PARIS (Reuters) - Telecom equipment maker Alcatel-Lucent’s profitability slipped in the first quarter because of slower demand from North America and Europe and a shift to lower-margin fourth-generation mobile gear.
The shares were down over 13 percent at 0915 GMT as analysts said the poor start compared to market leader Ericsson could make it hard for the Franco-American group to hit its goal of improving margins this year.
The company sought to reassure investors by confirming its profit targets and predicting improvement ahead.
But it also swung to an operating loss after four straight quarters in positive territory and after its first annual profit last year since it was formed in a difficult 2006 merger.
“We had a slow start in a volatile environment because of lower product volumes and mix,” Chief Executive Ben Verwaayen said on a conference call on Thursday. “The European debt crisis is all around us and that has an impact. It’s a serious issue to factor in and a good reason to be cautious.”
A slowdown in spending by telecom operators globally is hurting all vendors of telecom equipment, including Ericsson and ailing Nokia Siemens Networks, just as they were recovering from the last downturn and intense price wars. The first quarter is traditionally weaker across the industry and sales fell by 18 percent for both Ericsson and Alcatel-Lucent.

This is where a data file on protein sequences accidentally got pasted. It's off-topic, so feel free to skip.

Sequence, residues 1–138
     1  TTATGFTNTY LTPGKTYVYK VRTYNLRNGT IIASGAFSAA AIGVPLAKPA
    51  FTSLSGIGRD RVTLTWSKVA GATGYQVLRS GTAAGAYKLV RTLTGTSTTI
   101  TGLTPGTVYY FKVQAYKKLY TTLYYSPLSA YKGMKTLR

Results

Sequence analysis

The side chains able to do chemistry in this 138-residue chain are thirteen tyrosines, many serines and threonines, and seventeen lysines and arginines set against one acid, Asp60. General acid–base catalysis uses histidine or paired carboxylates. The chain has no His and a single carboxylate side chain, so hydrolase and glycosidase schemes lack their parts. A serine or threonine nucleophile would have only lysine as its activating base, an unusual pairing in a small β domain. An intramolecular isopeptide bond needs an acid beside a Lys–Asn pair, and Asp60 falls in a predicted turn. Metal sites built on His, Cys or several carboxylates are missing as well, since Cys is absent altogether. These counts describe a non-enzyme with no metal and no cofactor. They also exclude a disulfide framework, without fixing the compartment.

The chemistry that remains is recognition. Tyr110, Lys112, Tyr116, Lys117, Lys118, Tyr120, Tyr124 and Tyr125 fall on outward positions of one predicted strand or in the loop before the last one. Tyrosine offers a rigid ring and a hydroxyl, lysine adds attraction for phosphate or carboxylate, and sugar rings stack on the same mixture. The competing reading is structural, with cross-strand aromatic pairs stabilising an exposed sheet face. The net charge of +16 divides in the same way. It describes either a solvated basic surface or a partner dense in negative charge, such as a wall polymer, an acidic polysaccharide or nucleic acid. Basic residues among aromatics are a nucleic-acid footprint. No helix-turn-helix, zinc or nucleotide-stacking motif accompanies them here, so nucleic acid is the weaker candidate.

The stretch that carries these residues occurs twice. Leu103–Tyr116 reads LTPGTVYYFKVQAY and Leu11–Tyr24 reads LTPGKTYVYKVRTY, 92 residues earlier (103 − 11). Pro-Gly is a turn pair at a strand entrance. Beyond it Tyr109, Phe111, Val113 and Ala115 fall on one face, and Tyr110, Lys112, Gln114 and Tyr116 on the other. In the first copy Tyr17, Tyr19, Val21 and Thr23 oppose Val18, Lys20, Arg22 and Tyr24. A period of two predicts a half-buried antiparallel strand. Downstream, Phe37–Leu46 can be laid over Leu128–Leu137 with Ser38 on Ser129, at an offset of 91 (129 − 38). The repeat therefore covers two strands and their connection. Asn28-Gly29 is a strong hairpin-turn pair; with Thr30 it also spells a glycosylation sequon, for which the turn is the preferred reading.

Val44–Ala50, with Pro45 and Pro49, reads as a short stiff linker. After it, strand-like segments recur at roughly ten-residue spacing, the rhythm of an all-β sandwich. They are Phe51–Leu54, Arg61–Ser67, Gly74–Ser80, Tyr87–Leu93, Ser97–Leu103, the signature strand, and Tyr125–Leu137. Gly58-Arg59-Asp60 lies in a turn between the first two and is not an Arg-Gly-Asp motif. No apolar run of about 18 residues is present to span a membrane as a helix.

But while Alcatel-Lucent’s gross margins fell and were worse than expected, Ericsson’s were better than forecasts.
“For Alcatel-Lucent, this is not a good start to the year: the economy is not helping them, especially in Europe,” said Pierre Ferragu, an analyst at Bernstein Research.
Analysts predict slower growth of 3-4 percent in the overall market for telecom network equipment, down from 7-8 percent last year.
Alcatel-Lucent revenue fell 12.3 percent in the first quarter to 3.2 billion euros ($4.2 billion), in line with analysts’ expectations.
Its adjusted operating loss was 221 million euros because of the slowdown and weaker gross margin, while net profit on a reported basis was 398 million euros, helped by the disposal of its Genesys business unit.
Paul Tufano, Alcatel-Lucent’s chief financial officer, said the first quarter should be the low-point on margins for the year.
Nomura and Barclays analysts pointed out in a research notes that Alcatel-Lucent’s gross margin of 30.3 percent was the lowest since the 2006 merger.
Key to Alcatel-Lucent’s profitability will not only be the outlook in Europe, where spending by operators fell 22 percent in the first quarter, but also the pace of U.S. operator spending on fourth-generation mobile gear.
Such 4G gear, known as LTE, is being rolled out quickly by AT&T and Verizon this year and has lower margins than the older third-generation mobile gear, known as CDMA, which has boosted Alcatel-Lucent’s margins in recent years.
The U.S. market is among the world’s most profitable for telecom gear makers because low-cost Chinese players Huawei and ZTE are effectively shut out over worries about the security of key national infrastructure.
Ericsson and Alcatel-Lucent essentially split the U.S. market between them.
Alcatel-Lucent shares had risen nearly 22 percent so far this year to 1.47 euros before today’s results, while Ericsson’s are down about 6 percent.
But Alcatel-Lucent shares remain near five-year lows, giving the group a market capitalization of 3.06 billion euros ($4.03 billion), far from its pre-merger levels of roughly $36 billion.
($1 = 0.7585 euros)
Reporting by Leila Abboud and Gwenaelle Barzic; Editing by James Regan and Matthew Tostevin